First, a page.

Have there been instances where SWIPE has led to deals or fund commitments that wouldn’t have otherwise happened?

JB: Yes, definitely. There’s one example – I don’t think I can say the particular deal – where a particular fund wanted access to a portfolio company that they heard, just based on the length of time of the investment, should be coming up for sale at some point. A woman in SWIPE was like: ‘I know someone at that fund, let me phone.’ They signed exclusivity and it was signed up within 30 days.

The one interesting thing about women in private equity is that there [are] still few women at each fund, but if you look across the funds, there’s lots of women. So if you come to a SWIPE event, you’re going to get sort of a broad network of different funds. And the more the industry has been embracing club deals and that kind of thing, having that broad network across funds – rather than… a concentrated group within a couple of funds – I think has been really valuable.

Also, we have LPs that are members as well, so that’s been beneficial for people when they go into raising mode… I know that there [are] members that have met some of these people through SWIPE and been meeting and chatting for some time, so for them to have that history… of being known and that familiarity, I think [it] gives them an advantage.

How can PE improve its gender balance?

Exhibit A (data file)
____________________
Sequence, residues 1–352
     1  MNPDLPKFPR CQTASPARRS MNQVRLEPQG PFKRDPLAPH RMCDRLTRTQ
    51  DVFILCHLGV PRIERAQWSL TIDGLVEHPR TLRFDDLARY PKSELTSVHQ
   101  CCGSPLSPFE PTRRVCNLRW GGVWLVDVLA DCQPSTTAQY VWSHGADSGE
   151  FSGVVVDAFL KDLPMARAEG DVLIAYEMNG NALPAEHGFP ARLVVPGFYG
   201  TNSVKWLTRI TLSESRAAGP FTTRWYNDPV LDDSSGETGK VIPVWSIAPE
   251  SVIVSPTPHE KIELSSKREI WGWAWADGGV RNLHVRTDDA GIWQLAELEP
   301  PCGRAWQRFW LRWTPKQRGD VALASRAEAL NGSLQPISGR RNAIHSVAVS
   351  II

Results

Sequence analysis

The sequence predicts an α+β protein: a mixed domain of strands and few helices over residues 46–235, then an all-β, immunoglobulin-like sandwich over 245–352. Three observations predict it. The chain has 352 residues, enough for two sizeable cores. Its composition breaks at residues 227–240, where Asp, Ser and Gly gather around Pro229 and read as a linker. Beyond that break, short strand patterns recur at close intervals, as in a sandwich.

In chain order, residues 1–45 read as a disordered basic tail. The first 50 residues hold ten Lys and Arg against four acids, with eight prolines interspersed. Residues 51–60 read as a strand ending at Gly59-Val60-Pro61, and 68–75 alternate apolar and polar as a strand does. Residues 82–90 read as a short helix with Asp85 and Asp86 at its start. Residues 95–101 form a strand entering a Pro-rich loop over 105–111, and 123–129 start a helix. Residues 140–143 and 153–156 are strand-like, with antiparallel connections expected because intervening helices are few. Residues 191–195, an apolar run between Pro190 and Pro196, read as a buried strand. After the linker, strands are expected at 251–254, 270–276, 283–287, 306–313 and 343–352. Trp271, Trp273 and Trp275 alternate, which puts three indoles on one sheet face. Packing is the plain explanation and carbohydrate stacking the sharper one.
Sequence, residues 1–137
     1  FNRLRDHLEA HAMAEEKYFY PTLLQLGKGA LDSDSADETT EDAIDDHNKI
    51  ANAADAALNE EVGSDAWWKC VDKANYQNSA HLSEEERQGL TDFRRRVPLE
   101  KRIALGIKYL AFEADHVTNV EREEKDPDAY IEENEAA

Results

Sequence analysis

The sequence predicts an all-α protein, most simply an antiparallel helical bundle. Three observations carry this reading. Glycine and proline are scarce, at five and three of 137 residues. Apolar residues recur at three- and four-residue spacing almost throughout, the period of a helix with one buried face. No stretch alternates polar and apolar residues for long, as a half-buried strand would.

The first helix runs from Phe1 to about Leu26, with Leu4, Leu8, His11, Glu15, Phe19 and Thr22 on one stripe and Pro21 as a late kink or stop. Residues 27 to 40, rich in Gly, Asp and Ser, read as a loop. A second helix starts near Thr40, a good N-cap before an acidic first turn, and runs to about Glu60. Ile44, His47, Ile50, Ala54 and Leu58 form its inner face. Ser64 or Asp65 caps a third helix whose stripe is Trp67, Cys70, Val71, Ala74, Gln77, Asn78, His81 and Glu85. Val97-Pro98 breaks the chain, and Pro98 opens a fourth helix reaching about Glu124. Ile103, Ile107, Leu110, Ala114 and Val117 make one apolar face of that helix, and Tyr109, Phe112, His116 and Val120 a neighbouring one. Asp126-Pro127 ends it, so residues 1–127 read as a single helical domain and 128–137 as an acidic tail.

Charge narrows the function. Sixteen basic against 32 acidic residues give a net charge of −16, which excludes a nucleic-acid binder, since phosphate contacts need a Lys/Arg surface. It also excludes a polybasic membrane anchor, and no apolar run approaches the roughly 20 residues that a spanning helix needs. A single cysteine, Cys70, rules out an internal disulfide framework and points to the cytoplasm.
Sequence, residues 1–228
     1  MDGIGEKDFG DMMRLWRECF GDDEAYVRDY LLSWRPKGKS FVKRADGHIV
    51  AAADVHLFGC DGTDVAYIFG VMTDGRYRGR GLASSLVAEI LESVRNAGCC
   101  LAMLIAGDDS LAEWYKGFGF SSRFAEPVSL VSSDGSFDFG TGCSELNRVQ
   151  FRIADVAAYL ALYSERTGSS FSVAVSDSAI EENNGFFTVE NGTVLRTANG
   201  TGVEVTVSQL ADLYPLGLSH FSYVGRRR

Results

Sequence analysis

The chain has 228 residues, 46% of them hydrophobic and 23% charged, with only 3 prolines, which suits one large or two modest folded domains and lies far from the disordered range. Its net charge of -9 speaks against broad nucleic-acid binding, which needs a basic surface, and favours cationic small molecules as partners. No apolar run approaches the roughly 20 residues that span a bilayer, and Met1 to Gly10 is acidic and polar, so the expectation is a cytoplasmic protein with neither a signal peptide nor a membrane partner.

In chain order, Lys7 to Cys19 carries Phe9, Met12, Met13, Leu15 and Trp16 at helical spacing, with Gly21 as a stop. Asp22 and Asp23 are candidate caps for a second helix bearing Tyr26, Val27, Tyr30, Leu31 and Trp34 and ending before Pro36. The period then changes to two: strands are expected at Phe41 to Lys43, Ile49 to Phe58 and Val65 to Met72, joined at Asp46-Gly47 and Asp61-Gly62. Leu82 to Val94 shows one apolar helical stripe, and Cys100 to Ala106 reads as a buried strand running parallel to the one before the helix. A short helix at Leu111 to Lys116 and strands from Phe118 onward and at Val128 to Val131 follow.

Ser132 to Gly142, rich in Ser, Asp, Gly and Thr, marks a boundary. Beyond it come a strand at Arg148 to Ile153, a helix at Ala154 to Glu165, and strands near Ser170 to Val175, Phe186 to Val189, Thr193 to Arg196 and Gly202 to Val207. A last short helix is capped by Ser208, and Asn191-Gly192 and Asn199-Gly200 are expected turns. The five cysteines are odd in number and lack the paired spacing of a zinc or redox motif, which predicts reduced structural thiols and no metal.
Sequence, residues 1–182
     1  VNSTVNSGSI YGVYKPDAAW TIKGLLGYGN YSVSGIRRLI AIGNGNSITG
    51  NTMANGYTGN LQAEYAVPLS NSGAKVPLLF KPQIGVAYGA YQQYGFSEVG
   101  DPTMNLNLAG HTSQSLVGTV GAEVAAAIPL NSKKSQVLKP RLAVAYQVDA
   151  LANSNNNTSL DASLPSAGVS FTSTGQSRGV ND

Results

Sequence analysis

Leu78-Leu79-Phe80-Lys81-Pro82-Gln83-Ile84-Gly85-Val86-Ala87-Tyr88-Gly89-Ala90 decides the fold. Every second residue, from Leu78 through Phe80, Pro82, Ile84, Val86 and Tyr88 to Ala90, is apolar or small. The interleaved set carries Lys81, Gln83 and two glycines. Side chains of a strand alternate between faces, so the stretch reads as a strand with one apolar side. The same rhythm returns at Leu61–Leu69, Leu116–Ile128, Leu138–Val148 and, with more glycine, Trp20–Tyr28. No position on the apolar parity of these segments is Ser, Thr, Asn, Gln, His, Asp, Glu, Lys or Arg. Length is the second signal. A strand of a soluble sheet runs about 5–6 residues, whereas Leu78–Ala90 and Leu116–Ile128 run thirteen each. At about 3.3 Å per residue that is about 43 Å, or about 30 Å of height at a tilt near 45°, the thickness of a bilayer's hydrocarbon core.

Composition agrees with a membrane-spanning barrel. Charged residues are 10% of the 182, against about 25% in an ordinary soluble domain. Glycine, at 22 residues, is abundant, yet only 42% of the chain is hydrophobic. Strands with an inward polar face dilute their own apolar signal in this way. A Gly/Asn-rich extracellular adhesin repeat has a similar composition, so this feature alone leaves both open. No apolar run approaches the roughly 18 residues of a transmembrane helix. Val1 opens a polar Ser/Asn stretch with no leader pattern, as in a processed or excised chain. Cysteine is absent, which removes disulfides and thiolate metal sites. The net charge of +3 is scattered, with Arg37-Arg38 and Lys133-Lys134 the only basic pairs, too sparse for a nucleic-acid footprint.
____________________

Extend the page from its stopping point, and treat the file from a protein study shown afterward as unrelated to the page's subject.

PG: You can’t be it if you can’t see it. And I think a lot of it is awareness – like, is this a sexy type of industry? Is this something that I actually see myself in? Maybe people don’t realise that within private equity, there are many different types of roles.

It’s probably similar to STEM – when students are looking at going into that field, there isn’t enough awareness and they’re always saying: ‘Okay, there are males sitting in that role.’ I myself was actually going to be an engineer and I was going to pre-engineering high school. At the career fair, there was someone who was [a] white male… I was like: ‘I don’t know that I’m going to fit in this.’

There are these impressionable moments, and so I think the more and more we see women rising in the ranks, really enjoying their roles, knowing that there’s a community that’s supportive – I think those are things that people gravitate towards.